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Thread: Compaq Presario monitor and speaker help (4784 and 1525)

  1. #11


    Compaq - “It simply works better”

  2. #12
    Join Date
    Apr 2015
    Austin, Texas


    Quote Originally Posted by compaqportableplus View Post
    They are still by no means hard to find or expensive. A quick eBay search reveals that 10-packs can be had for as little as $11, and I do still see them in thrift stores too.
    When did I say they were hard to find?

    A ten pack for $11, or just over 90 cents per disc is about quadruple what they should be.

  3. #13
    Join Date
    Feb 2018
    Bristol, UK


    I would strongly recommend sticking a network card into an old PC if you're going to run Windows 9x (or Windows for Workgroups 3.11). There are plenty still around on eBay that support older operating systems. The main issue you will run into is that whilst modern versions of Windows will happily connect to a 9x/WFWG network share, it doesn't seem to work the other way around; the old OS will let you browse network shares on the modern computer but it won't be able to supply credentials that the newer one will take. That and transfer speed is often really slow. But at least some way of getting your old PC on the network is useful so you don't have to use physical media to transfer everything.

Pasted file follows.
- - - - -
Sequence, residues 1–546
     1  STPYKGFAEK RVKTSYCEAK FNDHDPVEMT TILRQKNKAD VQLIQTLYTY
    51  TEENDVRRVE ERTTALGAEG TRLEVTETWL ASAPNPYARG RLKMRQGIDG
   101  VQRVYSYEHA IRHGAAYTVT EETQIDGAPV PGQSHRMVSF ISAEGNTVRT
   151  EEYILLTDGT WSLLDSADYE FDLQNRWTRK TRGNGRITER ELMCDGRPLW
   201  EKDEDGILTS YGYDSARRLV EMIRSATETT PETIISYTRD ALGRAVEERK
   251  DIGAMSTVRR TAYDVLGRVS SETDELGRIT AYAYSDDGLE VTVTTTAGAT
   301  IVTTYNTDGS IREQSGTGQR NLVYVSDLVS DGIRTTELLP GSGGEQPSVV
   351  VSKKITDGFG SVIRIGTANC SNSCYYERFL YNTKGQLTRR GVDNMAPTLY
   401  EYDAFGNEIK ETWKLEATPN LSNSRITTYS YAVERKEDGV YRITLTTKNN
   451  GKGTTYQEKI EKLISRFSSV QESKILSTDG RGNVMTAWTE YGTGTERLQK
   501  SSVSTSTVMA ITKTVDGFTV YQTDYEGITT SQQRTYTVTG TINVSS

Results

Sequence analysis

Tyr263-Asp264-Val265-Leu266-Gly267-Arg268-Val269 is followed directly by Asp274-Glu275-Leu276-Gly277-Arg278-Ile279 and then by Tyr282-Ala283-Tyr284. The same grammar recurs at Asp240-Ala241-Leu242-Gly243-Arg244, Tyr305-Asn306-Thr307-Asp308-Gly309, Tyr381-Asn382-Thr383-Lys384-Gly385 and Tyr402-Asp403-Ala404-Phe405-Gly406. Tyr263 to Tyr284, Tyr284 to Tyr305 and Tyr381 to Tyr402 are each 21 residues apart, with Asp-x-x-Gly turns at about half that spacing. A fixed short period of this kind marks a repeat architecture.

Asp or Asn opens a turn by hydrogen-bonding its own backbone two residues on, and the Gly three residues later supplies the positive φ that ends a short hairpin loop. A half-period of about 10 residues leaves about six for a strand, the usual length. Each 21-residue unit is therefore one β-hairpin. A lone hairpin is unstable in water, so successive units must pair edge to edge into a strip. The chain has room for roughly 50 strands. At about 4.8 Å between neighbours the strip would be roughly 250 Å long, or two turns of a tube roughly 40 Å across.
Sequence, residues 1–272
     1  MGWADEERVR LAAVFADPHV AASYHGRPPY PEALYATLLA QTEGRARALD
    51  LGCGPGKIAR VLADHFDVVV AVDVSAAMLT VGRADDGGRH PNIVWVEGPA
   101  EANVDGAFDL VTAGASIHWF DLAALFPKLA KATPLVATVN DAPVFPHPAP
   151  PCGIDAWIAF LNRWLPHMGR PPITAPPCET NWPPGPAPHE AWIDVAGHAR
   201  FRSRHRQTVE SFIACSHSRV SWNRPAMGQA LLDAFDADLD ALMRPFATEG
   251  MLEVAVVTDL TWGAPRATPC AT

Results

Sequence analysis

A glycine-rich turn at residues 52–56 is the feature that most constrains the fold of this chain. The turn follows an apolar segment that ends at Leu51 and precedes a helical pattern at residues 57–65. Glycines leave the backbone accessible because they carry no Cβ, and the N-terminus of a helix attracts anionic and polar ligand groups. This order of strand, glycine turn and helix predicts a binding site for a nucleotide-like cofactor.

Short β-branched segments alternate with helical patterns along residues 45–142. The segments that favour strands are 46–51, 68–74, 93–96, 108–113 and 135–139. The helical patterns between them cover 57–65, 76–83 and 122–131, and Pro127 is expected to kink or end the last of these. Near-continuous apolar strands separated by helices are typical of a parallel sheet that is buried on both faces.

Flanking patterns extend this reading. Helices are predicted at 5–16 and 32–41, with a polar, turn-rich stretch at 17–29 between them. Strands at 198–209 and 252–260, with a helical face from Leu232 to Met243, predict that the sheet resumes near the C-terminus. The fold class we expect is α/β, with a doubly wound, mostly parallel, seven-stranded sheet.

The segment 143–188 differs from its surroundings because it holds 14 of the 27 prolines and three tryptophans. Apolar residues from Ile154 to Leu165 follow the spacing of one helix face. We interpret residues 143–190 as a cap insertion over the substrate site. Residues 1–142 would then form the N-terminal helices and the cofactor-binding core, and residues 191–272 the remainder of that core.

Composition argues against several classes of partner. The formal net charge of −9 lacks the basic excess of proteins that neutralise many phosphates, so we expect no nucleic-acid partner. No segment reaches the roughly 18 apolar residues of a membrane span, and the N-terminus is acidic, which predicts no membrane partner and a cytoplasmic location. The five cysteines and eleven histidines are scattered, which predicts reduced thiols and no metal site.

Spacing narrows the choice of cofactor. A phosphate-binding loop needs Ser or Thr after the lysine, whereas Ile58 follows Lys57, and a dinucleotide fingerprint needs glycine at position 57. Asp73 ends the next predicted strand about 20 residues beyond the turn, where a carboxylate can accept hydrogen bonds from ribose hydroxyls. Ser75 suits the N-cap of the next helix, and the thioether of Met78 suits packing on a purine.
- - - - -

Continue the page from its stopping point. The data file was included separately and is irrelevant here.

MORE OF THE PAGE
Quote Originally Posted by GiGaBiTe View Post
    CD-RWs and optical media in general is more expensive now than it was 10-15 years ago, unless you find a derelict old pile in a second hand store. Less of it is being made, people hardly use them anymore so manufacturers aren't producing them in quantity like they did in the past.
    I don't generally find issues with CD-Rs if they've been finalised and written in a single session. Even old drives from the mid-90's seem to be happy with them. In the UK Poundland is still selling new CD-R media for £1 for a pack of 5, over the past couple of years I've burned more CD-Rs than I was 20 years ago when it was my only removable mass storage device. 20p / disk is the cheapest I've ever had.

    Granted, I doubt I'd trust them for long term storage (nor is there any reason to these days ether); the Kodak media I was buying in 2000 still reads fine 20 years later, I doubt the 'Signalex' (generic Poundland brand applied to anything technology related) ones I have now will last that long but for burning ISO images to install software or to move over large amounts of data between legacy systems at once they're a great option.

  4. Default

    UPDATE: I got some CD-RWs and I formatted the drive. Windows 95 is just not for me. So I'm putting that custom DOS 7.10 CDU installation on it, and Windows 98 SE. Hoping to use it as a DOS gaming computer.


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